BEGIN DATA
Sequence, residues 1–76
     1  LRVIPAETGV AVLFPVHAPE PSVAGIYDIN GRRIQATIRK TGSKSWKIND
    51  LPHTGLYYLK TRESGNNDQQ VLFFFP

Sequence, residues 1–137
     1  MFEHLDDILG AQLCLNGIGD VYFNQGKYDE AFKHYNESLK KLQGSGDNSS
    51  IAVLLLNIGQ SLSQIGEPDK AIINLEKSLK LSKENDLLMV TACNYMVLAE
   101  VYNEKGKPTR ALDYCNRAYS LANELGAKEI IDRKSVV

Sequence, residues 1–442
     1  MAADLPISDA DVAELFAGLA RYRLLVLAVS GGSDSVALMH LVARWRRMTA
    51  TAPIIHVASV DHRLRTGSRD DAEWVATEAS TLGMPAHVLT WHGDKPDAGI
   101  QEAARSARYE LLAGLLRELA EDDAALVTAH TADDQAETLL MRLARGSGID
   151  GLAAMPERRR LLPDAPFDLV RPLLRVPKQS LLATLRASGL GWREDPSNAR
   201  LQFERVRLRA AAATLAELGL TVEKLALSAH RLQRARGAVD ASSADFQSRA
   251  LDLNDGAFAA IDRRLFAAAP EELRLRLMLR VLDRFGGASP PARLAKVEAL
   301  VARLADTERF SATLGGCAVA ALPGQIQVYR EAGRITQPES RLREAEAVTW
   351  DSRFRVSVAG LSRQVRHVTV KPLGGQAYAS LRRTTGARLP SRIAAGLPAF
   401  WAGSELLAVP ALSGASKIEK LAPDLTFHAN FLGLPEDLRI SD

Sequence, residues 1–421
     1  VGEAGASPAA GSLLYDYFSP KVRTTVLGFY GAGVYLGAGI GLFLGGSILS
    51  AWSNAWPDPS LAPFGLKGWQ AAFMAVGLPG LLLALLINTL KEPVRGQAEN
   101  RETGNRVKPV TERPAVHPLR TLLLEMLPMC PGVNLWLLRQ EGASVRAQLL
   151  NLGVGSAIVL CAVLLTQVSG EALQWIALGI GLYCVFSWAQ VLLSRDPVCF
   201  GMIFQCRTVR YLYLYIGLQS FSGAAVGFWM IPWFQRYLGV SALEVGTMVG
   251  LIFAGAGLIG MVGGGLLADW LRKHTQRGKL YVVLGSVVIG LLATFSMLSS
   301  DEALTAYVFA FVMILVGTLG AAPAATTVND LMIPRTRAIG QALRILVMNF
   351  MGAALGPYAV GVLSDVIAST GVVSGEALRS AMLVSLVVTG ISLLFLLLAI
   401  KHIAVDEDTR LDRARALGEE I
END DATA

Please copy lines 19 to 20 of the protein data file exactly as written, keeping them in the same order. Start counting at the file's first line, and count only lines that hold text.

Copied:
     1  VGEAGASPAA GSLLYDYFSP KVRTTVLGFY GAGVYLGAGI GLFLGGSILS
    51  AWSNAWPDPS LAPFGLKGWQ AAFMAVGLPG LLLALLINTL KEPVRGQAEN